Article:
Part 7  You can dispute the economic concerns of the mid majors are dynamically different from the majors.  It isn’t hard to formulate a reasonable sounding assertion, but the value of an assertion is its validity, proof, and/or support – not just sounding plausible.

You can simply claim you don’t care about the concerns of the bowls, conferences, networks, universities, etc.
  Just don’t be surprised if they respond with lip service - why would they value the opinion of someone who doesn’t share their concerns?
(my favorite) You can claim the bowls, commissioners, conferences, Presidents, and networks are lying in a conspiracy – just pull your aluminum foil hat down a little tighter less their mind control waves effect your judgment.

The Strongest Evidence For All of the Above is Self-Interest
They all have overall TV ratings and/or the revenue they generate their primary concern, and all agree a playoff would decrease overall revenue.  There is no conspiracy against playoffs unless all of these entities are acting against their self-interest.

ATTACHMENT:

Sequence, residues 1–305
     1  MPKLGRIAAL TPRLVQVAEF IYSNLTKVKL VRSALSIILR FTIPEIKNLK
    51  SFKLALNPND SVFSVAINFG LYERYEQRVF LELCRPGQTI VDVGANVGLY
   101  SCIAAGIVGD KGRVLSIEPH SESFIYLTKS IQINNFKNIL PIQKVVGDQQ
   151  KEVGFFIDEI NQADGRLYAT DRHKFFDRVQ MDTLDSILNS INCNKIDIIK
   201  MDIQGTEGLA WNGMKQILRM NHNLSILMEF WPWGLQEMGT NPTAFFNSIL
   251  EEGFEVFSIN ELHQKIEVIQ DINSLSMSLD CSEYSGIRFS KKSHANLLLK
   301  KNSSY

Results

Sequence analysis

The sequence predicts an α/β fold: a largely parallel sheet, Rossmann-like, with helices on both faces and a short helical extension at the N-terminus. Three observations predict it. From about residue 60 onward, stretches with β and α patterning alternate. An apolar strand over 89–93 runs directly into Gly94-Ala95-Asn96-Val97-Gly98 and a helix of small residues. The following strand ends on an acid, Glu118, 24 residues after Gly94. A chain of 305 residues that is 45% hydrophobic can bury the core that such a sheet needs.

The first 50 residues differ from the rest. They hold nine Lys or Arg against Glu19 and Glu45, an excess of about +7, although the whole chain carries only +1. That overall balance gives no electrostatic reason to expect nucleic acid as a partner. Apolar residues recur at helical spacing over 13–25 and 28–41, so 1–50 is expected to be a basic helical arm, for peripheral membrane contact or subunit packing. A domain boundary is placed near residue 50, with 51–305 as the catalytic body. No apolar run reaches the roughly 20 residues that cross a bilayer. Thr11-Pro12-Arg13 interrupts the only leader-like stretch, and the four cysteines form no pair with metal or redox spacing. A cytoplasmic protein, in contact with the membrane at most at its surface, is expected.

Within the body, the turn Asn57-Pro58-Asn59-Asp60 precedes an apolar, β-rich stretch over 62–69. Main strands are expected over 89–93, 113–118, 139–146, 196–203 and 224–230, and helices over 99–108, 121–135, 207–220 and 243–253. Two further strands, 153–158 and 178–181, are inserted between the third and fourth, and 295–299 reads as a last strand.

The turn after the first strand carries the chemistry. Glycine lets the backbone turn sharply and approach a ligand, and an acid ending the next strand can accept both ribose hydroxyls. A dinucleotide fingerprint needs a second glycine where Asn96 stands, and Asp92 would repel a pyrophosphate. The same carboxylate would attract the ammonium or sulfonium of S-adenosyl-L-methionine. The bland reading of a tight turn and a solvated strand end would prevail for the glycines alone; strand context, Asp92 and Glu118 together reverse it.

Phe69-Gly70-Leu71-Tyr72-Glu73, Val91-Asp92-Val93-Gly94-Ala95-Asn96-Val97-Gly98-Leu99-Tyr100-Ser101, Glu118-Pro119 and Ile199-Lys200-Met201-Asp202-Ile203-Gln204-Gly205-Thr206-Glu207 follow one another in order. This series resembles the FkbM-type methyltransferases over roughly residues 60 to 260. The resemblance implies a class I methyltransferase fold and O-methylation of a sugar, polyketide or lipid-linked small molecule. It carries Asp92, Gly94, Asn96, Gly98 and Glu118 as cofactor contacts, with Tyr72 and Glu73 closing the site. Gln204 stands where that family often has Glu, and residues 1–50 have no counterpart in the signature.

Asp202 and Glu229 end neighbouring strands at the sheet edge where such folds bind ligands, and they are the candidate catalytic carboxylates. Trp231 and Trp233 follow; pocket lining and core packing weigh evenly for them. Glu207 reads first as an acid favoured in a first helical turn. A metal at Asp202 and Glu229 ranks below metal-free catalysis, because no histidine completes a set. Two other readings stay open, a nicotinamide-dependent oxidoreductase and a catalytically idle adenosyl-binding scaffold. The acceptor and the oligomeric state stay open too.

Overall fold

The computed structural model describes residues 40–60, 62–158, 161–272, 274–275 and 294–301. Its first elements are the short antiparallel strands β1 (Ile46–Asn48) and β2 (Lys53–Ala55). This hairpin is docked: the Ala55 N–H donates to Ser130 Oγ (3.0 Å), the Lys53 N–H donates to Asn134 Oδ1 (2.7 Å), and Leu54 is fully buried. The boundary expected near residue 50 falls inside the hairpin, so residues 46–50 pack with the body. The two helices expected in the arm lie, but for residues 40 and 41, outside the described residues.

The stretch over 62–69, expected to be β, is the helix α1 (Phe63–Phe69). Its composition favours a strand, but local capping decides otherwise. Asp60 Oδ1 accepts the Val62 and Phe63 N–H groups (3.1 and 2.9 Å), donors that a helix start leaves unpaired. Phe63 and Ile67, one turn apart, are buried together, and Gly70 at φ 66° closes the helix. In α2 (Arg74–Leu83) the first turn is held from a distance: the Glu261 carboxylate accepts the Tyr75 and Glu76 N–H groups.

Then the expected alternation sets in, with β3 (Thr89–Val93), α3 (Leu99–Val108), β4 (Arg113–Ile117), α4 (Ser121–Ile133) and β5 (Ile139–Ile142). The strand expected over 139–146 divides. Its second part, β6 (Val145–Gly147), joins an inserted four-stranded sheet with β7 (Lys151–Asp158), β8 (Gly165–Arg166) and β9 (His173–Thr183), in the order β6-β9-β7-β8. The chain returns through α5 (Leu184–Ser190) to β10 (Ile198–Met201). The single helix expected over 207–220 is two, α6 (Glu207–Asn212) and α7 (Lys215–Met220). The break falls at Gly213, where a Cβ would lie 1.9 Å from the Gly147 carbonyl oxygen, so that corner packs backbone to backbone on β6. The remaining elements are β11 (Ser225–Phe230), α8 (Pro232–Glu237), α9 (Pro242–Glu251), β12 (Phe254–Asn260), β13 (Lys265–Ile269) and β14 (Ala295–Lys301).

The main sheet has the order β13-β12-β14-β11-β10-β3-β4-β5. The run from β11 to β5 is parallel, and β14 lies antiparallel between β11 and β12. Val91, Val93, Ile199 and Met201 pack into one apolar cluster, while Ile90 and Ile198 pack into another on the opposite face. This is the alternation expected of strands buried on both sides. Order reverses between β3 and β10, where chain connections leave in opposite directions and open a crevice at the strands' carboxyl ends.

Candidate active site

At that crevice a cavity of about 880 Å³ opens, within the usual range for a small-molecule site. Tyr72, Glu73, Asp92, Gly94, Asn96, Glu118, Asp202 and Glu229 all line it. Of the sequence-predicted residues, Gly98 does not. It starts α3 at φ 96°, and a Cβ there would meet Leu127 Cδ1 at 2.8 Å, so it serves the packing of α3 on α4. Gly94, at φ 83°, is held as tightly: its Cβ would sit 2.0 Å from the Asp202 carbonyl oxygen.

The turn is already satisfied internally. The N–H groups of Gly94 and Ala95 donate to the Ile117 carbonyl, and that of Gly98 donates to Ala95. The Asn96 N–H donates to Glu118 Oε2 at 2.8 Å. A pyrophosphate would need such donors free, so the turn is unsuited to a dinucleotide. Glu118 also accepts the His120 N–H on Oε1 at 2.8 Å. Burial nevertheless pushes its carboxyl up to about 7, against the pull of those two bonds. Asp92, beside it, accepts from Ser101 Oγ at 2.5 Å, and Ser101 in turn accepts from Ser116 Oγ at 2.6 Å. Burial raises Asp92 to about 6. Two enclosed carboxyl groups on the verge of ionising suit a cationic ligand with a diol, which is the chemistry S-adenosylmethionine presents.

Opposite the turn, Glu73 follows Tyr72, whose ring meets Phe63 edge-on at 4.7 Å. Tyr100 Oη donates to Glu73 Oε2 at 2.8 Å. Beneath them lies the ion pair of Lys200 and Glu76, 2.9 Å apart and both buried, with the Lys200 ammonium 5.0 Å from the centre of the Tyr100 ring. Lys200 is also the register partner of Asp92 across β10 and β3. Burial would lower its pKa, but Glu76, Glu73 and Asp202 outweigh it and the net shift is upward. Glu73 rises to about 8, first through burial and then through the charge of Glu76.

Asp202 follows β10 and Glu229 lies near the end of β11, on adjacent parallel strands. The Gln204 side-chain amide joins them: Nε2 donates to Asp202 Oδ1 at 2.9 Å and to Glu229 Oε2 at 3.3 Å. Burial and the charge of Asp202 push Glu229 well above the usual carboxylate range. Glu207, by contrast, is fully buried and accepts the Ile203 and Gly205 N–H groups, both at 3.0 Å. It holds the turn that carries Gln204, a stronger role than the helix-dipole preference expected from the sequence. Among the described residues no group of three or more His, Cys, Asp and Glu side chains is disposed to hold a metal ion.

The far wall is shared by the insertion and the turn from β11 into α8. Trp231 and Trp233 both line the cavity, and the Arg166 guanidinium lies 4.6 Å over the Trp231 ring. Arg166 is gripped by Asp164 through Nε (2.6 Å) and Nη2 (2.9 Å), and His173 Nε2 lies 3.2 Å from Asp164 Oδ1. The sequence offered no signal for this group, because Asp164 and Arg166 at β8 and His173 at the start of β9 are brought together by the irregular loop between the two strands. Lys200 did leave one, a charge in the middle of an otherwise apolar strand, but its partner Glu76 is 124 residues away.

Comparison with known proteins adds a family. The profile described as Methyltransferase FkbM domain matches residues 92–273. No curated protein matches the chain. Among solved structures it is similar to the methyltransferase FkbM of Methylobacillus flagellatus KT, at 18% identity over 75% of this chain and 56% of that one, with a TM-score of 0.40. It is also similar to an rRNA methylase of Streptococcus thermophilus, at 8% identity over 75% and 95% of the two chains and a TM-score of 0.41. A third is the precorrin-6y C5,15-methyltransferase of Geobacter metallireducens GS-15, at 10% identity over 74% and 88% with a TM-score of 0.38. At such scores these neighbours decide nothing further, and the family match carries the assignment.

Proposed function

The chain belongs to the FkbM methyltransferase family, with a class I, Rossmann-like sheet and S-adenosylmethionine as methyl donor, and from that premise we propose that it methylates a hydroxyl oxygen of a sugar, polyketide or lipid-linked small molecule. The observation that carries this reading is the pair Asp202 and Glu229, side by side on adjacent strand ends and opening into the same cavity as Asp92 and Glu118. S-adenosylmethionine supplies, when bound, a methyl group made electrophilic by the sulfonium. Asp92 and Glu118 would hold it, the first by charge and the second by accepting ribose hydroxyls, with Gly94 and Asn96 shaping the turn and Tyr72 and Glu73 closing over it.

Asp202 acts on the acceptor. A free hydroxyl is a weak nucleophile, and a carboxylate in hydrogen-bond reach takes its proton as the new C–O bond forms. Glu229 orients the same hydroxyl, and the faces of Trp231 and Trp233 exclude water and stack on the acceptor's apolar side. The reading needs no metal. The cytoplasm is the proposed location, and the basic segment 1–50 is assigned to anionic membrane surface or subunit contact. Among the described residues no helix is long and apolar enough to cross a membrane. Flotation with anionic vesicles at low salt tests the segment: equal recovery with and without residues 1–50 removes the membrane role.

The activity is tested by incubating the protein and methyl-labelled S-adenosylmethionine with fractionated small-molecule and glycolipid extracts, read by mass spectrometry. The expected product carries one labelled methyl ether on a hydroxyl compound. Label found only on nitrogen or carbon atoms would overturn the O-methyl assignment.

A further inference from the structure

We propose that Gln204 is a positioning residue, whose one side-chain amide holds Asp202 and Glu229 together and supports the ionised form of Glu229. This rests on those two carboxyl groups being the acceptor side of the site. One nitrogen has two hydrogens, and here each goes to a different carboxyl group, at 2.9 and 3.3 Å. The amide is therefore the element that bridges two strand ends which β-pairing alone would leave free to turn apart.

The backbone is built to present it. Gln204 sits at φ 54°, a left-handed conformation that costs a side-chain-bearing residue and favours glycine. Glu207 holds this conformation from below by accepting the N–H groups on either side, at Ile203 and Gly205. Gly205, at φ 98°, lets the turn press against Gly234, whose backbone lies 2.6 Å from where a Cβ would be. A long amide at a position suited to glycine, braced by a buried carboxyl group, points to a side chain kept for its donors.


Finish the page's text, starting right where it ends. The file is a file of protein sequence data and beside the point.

Everyone with access to, and the ability to project, TV demographics who has looked at the issue have derived the same conclusion – a playoff can generate more money than the BCS, but would decrease overall revenue for the entire season.

This doesn’t mean that playoff proponents have to abandon their efforts
.  It does mean they need to take their efforts in a different direction if they ever want to see playoffs come to fruition.  The current efforts by playoff proponents are counter-productive to their goal.

In the final Part 9, we look at productive efforts playoff proponents can undertake to see their goal come to fruition.
For a list of references, see Lines in the Sand Part 1

Posted on: December 22, 2010 11:17 pm
Edited on: December 29, 2010 6:49 pm
 

Lines in the Sand 7 - 2 Sides of "Greed"

At the recent IMG Intercollegiate Athletics Forum, NCAA leaders sat on a panel.  The ensuing discussion became much more than the typical polite exchanges.
From their comments at the forum and elsewhere arise several lines drawn in the sand on a range of topics.
In Part 1, we reviewed the position of the NCAA and the BCS position on mid majors.
In Part 2, we reviewed their position on a post BCS landscape.
In Part 3, we reviewed a playoff isn’t an option.